I discovered, thanks to someone on the NetBSD mailing list, that I’d ended up on SpamHaus’s SBL-CSS list. After an initial panic/worry that I’d been compromised (I am pretty locked down, but there is some software I run that has that potential; I guess almost everything does) I was just about ready to let rip into Spamhaus for being unappointed internet police (which is kind of true) when I decided to get in touch with them on Twitter and they were actually really helpful.

It turned out they do actually cover my scenario in their docs (right at the bottom there is a note about Linode), but I either hadn’t noticed that bit or was looking in the wrong place.

Linode provided me with my own /64 straight away and then I “just” had to make use of that:

  • Added new DNS entries for a new domain pointing to a new ipv6 address
  • Updated my SPF DNS entry
  • Setup reverse DNS on Linode (which is a bit confusing as you can add multiple entries when you have a whole /64)
  • Edited /etc/postfix/main.cf and set myhostname to the new one
  • Just in case also /etc/myname
  • I had just been using ip6mode="autohost" in /etc/rc.conf, but had to go back to using a /etc/ifconfig.wm0 file and adding static inet and inet6 entries:

      inet6 2a01:7e00:e000:035b::1 prefixlen 64 alias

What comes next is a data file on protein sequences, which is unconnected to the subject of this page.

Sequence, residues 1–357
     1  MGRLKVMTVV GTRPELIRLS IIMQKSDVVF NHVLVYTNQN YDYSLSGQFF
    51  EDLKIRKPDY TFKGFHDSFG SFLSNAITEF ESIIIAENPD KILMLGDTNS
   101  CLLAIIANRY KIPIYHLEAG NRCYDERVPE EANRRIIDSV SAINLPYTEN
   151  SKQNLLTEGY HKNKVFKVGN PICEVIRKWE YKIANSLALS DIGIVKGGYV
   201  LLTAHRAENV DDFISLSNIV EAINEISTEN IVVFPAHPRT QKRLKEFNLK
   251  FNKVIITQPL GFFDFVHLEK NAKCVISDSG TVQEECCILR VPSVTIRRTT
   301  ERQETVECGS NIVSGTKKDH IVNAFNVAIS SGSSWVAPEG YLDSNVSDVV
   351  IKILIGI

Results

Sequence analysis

I switched ip6mode to just host, but haven’t rebooted yet so that could be wrong. I just restarted the network and ifconfig shows both addresses - that’s good.

Hopefully that means I’m now sending mail from a “good” ipv6 address, although hard to know for sure as you need a ipv6 address to test against.

In an attempt to verify (by using CheckTLS’s TestSender) I realised I’d not actually got TLS setup properly for sending; I had sometime ago got around to using Let’s Encrypt for receiving, but never mentioned it here. All I really needed for sending was:

-o smtpd_tls_security_level=encrypt$
-o tls_preempt_cipherlist=yes$

Which I’d inadvertently left commented out in /etc/postfix/master.cf (after the submission and smtpd bit), although I tweaked some other bits in /etc/postfix/main.cf based on (the now out of date, but better than nothing) BetterCrypto guide.

As a result of that, I then ended up updating some TLS settings for my website (ciphers, TLS versions, DNSSEC, etc) to get my rating up; All futile really for a personal website, but oh well.